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Human Rights Defenders in Honduras Need a Defender, Too

A demonstrator holding up a poster
A woman holds up a poster with a photo of slain environmental leader Berta Cáceres during a protest in Tegucigalpa, Honduras, on March 16, 2016. © Fernando Antonio/AP

In a country as violent as Honduras, trust is critical to any alliance, a fact starkly illustrated by the tragic case of Berta Cáceres.

Cáceres, the leader of the Council of Popular and Indigenous Organizations of Honduras (COPINH), an organization representing the Lenca community, was murdered in March after facing years of persecution from the Honduran state. Apparently killed for protesting development on indigenous lands, in this case a hydroelectric dam, she died, like so many activists before her, protecting natural resources from exploitation.

In April, five men were arrested for her murder, including a mid-level employee of Desarollos Energéticos, the Honduran company leading the dam project, and two others with ties to the military. In May, a Dutch group that had invested in the dam announced it was seeking a “responsible exit from the project.”

Cáceres was not the first indigenous person to be killed or attacked for defending land or water, and her harassment at the hands of the Honduran state began well before her murder. In 2012, she was charged with illegal possession of weapons while organizing protests against a proposed dam in the Lenca community of Rio Blanco. She notified our organization, Just Associates (JASS), which works to build communities of trust and support among those who take a stand against dams, mining, logging, and agricultural projects that threaten their natural resources or livelihoods.

After she notified us, the network was activated, and more than 150 international and Latin American organizations and colleagues began calling the facility where she was being held to demand her release. Although the charges remained, she was allowed to go home after just two days in detention.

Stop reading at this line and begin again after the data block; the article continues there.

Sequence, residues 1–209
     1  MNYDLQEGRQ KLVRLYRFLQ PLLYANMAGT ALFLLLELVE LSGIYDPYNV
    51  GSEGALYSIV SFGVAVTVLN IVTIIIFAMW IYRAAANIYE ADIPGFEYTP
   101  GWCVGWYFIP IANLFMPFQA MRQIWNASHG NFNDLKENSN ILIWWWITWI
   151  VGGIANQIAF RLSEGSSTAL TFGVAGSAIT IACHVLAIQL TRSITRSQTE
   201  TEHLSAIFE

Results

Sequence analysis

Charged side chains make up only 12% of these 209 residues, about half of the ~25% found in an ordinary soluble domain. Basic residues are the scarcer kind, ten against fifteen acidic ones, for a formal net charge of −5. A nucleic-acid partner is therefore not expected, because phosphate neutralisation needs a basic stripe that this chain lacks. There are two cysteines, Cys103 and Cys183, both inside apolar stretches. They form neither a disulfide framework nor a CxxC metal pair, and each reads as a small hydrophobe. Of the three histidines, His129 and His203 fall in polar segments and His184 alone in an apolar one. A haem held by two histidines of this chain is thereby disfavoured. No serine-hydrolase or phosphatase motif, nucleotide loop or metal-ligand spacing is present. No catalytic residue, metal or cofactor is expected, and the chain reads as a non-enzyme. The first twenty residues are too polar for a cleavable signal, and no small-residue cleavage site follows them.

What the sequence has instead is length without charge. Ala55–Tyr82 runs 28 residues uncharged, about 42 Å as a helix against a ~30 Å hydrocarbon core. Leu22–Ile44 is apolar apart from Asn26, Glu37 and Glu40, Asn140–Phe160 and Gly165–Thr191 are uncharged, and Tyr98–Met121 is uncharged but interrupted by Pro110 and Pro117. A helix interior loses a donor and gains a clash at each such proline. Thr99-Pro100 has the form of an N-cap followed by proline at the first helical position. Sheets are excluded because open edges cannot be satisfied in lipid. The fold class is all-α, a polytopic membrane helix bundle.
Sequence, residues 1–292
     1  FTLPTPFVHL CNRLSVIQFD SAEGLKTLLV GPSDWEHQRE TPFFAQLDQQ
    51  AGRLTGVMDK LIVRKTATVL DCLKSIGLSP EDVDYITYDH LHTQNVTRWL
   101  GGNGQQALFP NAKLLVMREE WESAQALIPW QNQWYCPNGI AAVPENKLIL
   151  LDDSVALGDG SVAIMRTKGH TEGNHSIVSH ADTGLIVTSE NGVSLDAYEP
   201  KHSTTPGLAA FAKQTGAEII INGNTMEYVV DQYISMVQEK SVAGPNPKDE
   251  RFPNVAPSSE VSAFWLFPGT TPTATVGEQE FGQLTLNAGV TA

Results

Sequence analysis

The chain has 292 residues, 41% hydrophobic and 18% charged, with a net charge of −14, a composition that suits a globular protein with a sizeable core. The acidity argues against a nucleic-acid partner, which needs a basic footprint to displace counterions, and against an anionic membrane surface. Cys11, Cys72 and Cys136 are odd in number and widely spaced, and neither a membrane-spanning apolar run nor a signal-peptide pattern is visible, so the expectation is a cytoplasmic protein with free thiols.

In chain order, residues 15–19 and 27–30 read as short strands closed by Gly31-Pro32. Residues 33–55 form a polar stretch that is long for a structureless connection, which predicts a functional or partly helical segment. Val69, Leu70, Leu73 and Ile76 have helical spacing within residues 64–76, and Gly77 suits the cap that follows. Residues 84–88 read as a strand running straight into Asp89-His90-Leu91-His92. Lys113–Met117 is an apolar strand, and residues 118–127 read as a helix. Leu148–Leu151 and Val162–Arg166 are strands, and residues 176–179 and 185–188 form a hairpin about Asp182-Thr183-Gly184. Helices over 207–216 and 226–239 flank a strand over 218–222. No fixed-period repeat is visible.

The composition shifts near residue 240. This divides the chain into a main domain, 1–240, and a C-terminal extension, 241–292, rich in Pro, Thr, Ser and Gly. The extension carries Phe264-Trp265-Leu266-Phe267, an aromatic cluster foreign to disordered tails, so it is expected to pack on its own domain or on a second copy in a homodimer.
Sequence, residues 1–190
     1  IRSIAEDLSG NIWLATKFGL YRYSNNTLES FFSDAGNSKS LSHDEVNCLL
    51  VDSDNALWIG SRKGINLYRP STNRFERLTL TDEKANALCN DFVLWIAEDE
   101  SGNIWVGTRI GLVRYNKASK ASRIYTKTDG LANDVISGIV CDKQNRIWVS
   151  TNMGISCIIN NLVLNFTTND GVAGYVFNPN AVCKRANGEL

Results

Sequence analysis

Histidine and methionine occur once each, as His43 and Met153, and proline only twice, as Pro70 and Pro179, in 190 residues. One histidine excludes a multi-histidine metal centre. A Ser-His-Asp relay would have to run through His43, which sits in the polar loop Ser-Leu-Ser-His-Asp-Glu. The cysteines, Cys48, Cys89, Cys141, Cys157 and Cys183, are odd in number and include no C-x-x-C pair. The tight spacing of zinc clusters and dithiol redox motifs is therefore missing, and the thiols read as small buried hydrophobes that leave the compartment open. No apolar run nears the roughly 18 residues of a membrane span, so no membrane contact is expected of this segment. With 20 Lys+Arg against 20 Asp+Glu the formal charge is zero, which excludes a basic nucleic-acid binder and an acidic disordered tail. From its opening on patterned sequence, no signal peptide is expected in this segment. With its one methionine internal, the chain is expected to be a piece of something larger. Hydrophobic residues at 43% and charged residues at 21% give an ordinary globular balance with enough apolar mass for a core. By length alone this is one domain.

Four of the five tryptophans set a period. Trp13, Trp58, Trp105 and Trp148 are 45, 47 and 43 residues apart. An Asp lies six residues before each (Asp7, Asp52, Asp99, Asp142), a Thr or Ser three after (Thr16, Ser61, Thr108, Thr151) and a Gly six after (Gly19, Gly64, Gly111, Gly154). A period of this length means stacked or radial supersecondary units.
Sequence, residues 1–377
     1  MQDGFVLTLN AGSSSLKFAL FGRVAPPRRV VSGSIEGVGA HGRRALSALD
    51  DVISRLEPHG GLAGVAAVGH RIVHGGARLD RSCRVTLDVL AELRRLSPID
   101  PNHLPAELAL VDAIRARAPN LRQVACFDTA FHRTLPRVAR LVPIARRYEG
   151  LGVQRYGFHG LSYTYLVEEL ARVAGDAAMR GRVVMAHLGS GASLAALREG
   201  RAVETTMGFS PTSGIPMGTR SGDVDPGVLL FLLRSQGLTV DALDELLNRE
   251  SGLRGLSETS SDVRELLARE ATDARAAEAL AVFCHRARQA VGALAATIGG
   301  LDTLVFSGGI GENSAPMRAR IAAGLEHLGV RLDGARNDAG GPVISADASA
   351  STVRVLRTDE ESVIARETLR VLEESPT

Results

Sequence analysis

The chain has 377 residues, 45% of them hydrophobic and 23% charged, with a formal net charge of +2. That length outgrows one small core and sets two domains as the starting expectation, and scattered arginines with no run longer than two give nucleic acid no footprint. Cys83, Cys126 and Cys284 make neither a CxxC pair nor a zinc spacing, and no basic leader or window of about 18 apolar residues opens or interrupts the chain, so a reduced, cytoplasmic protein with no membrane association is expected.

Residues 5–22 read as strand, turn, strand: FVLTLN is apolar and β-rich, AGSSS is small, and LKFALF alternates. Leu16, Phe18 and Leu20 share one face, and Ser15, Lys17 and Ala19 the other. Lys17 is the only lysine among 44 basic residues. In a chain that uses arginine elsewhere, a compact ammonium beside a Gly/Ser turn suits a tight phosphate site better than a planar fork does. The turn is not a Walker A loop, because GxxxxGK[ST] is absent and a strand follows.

Later, in the case of Cáceres’s death, we worked aggressively with other human rights defenders and her family to ensure that those responsible were held accountable, including organizing a delegation to the United Nations and meeting with members of the Dutch mission about funding of the dam.

JASS makes every effort to ensure human rights defenders are prepared for the challenges they will face, including by running Alquimia, a three-year leadership and community organizing school that brings together 25 indigenous and rural women from seven countries in Mesoamerica. JASS and its allies also built the Mesoamerican Women Human Rights Defenders Initiative (known for its Spanish acronym, IMD), a collaborative effort of six organizations that develops regionally responsive strategies to address the specific forms of violence and sexism women human rights defenders face. IMD unites nearly 700 groups and individual defenders in five countries of the region—Mexico, Honduras, El Salvador, Guatemala, and Nicaragua. In 2014, it was recognized for its contributions to the field with the Letelier-Moffit Human Rights Award.

So far, IMD has assisted more than 350 women in developing strategies for safety that address sexism and violence. In addition to facilitating and promoting trainings on human rights mechanisms and holistic protection measures, IMD helped establish national processes to protect women human right defenders, including protective accompaniment, emergency relocation, and shelters. But Cáceres’s assassination shows how much work remains to be done. We must ensure the protection of women human rights defenders and strengthen their demands for justice and voice in development decisions within their communities and across borders. 

Just Associates is a grantee of the Open Society Foundations.

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